ADHD/ADD

When your partner/spouse doesn’t have ADHD

Relationships can be difficult and every couple have their own set of problems. Sure, most, if not all, have their share of good times, but it’s not always easy.

When one partner has ADHD while the other is neurotypical, the challenges within the couple may be quite different from those where both are neurotypical. Not necessarily worse or better. Just different.

As many of you know, I have ADHD. My husband, on the other, is neurotypical. We have had our share of happy times. But there have been a lot of struggle and we’ve both talked about it.

Recently we were apart of a 3-day workshop for couples where one partner has ADHD. Day 1 was only for those with ADHD, day 2 for the spouses, and day 3 for everyone.

It seems as though there were definitely some similarities.

So, I did some more digging. Here are some things that couples affected by ADHD have mentioned.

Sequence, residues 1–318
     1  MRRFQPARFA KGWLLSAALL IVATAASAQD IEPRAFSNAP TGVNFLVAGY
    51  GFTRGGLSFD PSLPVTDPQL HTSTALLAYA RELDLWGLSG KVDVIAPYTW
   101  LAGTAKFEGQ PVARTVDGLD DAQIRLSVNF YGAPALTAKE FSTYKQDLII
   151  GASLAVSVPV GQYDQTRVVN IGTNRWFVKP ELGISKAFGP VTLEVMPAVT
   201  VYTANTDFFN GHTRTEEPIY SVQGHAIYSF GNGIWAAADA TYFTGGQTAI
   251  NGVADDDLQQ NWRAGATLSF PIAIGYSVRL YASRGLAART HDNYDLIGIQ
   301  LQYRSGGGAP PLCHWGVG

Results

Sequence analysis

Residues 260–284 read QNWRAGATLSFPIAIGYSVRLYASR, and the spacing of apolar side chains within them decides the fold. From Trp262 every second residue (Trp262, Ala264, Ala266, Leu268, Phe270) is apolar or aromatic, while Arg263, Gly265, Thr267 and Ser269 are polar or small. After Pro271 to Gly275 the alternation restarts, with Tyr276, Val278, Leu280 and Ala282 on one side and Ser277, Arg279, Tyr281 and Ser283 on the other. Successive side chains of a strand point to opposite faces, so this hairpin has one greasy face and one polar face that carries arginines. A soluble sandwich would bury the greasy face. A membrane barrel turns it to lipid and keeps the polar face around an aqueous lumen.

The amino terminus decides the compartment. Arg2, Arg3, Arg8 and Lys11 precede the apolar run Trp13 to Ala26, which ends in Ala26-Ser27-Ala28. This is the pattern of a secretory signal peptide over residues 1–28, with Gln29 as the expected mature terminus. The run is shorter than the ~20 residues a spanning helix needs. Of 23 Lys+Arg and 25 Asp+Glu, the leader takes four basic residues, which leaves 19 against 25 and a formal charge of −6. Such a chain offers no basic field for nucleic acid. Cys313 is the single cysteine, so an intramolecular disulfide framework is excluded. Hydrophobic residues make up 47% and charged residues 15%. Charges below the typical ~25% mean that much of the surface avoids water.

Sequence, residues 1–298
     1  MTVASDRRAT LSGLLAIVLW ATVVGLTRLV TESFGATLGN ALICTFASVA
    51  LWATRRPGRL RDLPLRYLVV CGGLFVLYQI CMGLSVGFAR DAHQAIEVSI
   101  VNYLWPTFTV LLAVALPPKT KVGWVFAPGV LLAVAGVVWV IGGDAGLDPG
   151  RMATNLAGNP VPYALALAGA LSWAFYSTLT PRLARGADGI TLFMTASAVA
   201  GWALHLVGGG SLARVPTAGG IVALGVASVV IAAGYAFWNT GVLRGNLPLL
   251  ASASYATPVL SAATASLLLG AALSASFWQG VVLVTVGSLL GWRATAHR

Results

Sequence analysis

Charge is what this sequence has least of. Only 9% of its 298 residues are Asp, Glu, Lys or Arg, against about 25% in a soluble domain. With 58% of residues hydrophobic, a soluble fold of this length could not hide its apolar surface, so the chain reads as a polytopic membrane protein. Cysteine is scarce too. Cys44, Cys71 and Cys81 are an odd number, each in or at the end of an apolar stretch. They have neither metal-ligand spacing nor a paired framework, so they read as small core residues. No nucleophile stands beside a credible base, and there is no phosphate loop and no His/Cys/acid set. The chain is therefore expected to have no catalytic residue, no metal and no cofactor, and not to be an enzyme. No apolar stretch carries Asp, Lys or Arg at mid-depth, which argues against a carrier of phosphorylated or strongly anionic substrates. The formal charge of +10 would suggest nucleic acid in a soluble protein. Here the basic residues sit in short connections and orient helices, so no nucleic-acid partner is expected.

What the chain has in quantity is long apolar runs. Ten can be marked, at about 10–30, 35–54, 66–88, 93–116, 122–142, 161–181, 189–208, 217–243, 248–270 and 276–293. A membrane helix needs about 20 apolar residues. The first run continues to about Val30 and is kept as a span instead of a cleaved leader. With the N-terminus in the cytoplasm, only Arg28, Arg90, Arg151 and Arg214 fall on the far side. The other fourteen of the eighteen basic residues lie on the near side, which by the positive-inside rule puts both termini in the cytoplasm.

Spouses/partners with ADHD.

Partners/spouses with ADHD have mentioned:

  • Feeling misunderstood
  • Sense of shame and failure
  • Feeling bad about being disorganized, easily distracted, and such.

These are just some things that have been mentioned. There are certainly many things.

Neurotypical spouse/partner.

On the other side, the neurotypical partners/spouses are affected as well and struggle with their spouse’s ADHD. Here are some thoughts shared from their perspective:

  • Lack of time management
  • Feeling of neglect
  • Their partner’s forgetfulness
  • Feeling that the majority of the responsibility within the home falls on them

Again this is just a short list of some things that neurotypical partners/spouses have shared over time.

Final thoughts.

Obviously, these challenges do cause problems within the relationship. It isn’t easy to deal with them or address them.

As challenging as these issues can be to address and overcome, couples can overcome them. Both spouses have to be willing to put in the work and effort, get some help if needed, and just take steps to be able to make the relationship work.

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